Jump Starts Daily

Jump Start #3541

Jump Start # 3541

Esther 10:3 “For Mordecai the Jew was second only to King Ahasuerus, and great among the Jews and in favor with his many kinsmen, one who sought the good of his people and one who spoke for the welfare of his whole nation.”

  Tuesdays with Esther. This is our final little journey into this wonderful book. I enjoyed teaching this on Tuesdays to a deeper Bible study group and I’ve enjoyed writing about Esther. The last chapter, only three verses, does not contain Esther’s name.

  One wonders, what happened to Esther? Did she grow old gracefully, have a boatload of grandchildren and finally ride off into the sunset? That’s how the movies may end the story. We are not told through inspiration, but like the death of the apostles, legend and history has left us with a pretty good idea.

  King Ahasuerus, or Xerxes, was assassinated in 465 B.C. by his own court officials. They killed his eldest son at that time. They wanted Vashti’s son, Artaxerxes to be the king. And, that happens. He is the king when the Nehemiah story is told. It is believed that during this assassination that both Esther and Mordecai were also killed. It is very likely that Esther died young, probably in her 30’s. Not the triumphant end that we’d hope for. Definitely not a Hallmark movie ending.

  And, through this journey with Esther, we have noted that there are no specific prayers, no quotations from other passages and not even a direct reference to God’s name. Jesus never referred to Esther. The apostles never quoted from this book. This was enough for the reformer Luther to discredit this book as being uninspired. But we have seen that on nearly every page of Esther, the hand of God is found. Nothing miraculous, but certainly the moving of people, the arranging of events and fulfilling of His will.

  Some final thoughts for us:

  First, God’s story, as well as His kingdom and even a congregation is always larger than we are. We play a role, a moment in time, but we are not the central figure in all of this. God is. Realizing that Esther may have died fairly young may sadden our hearts, but it certainly did not keep the flow of God’s kingdom running through David, the Babylonians, the Persians, the Greeks and the Romans, all the way down to Jesus, the fulfillment. Esther played a role. As did Jeremiah. As did Nehemiah. As do you and as do I. We fill one page in God’s story, but we are not the story. When we begin to think that the church cannot survive without us, we need to really think about that and take a look at passages such as Esther.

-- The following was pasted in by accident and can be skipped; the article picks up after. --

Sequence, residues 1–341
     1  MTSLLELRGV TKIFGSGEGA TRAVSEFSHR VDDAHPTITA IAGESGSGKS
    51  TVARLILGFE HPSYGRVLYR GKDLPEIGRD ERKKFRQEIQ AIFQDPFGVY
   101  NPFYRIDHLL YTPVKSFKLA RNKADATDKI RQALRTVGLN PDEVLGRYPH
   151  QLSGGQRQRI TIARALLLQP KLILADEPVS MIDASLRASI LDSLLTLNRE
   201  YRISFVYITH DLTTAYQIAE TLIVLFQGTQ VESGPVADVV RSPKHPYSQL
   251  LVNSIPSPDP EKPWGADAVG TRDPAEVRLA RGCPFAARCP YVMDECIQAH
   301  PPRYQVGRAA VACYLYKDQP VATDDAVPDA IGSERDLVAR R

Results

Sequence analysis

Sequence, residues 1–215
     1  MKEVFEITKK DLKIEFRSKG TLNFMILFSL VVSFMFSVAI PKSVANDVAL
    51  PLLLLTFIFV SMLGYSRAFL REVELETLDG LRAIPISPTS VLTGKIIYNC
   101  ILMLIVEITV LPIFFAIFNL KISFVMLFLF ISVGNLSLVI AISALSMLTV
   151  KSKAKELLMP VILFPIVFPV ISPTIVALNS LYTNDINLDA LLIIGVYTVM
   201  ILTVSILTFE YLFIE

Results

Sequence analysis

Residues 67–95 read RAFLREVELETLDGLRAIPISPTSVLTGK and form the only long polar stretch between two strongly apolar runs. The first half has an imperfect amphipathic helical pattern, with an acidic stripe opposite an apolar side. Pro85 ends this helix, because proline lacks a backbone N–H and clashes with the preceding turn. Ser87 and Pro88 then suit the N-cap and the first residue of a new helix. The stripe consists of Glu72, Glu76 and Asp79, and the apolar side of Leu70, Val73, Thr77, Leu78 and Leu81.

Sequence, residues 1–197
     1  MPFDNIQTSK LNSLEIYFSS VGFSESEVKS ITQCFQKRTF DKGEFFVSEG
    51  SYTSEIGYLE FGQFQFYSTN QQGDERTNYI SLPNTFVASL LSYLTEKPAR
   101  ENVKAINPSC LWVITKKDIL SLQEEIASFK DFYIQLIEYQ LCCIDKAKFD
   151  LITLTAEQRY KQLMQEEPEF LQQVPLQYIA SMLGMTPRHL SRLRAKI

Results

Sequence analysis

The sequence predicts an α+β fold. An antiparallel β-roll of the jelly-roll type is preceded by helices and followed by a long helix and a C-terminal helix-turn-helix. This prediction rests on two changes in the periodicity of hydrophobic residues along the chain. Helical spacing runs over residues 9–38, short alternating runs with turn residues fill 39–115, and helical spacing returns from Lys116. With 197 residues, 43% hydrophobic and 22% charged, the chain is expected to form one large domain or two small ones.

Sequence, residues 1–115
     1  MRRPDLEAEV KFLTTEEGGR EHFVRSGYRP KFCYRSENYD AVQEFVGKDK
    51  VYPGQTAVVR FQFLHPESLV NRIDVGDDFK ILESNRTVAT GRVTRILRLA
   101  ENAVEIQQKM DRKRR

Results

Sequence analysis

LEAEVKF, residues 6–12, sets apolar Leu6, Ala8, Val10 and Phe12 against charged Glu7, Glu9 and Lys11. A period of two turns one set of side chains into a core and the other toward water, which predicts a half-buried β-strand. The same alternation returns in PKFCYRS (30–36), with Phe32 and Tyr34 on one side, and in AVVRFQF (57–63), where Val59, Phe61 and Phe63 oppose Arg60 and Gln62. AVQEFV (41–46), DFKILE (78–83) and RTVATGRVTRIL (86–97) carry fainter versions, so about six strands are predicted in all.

Second, shortly following Esther, the books of Nehemiah and Malachi are written, and then a long, long period of silence. For four hundred years there would be no messages from Heaven. No inspired books. No prophets. No warnings. No promises. Silence. Silence until the Messiah came.

  Books like Esther, where God does not speak, there are no miracles, help us to understand that God is still active. God is still moving things. God is still upon the throne. He doesn’t have to speak to do things. He doesn’t have to use a miracle to keep His will going. And, books like Esther would be a wonderful reminder and help during those long periods for Israel.

  And, for us? God doesn’t speak directly. Not these days. God doesn’t work miracles. Not these days. How do we know that He’s still doing things? How do we know that God is not in hibernation? Books like Esther remind us that God is ever on the throne. What if Esther had not been chosen queen? What if Mordecai had not overheard an assassination attempt on the king? What if that had not been recorded in the official record? What if the king has slept soundly? What if other books were brought to him when he couldn’t sleep? What if he feel asleep while it was read to him? What if Haman had killed Mordecai?

  What if…what if…what if. The point is, it wasn’t. None of those things happened. Did God arrange it? Was God involved? How about today? Things we can’t see. Things we call coincidence. Things we call being lucky. The book of Esther reminds us that nothing is too great for God.

  Third, running through Esther is the lesson of courage. Mordecai refusing to bow down to Haman took courage. Esther approaching the king without an appointment took courage. Esther arranging a banquet with her enemy took courage. Esther asking for a second day for the Jews to battle, took courage.

  The beautiful Shepherd Psalm reminds us of a table set before our enemy. I wonder if Esther thought about that with her two back to back banquets with Haman. And, courage must be within our toolbox of faith. The courage to stand when corporate wants us to bow. The courage to speak out. The courage to do the right thing.

  The most famous passage in Esther is the: “who knows whether you obtained royalty for such a time as this?” And, who knows whether you are in the school, the job, the family, the congregation you are in for such a time as this. Maybe God has placed you in the right spot to serve Him. It may take courage. It may be hard. But such a time as this….

  Tuesdays with Esther. This series of Jump Starts has been put in a booklet called, “Tuesdays with Esther.” They are free, as all of our Jump Start books are. If you would like one, send me an email (Rogshouse@aol.com) and INCLUDE your mailing address.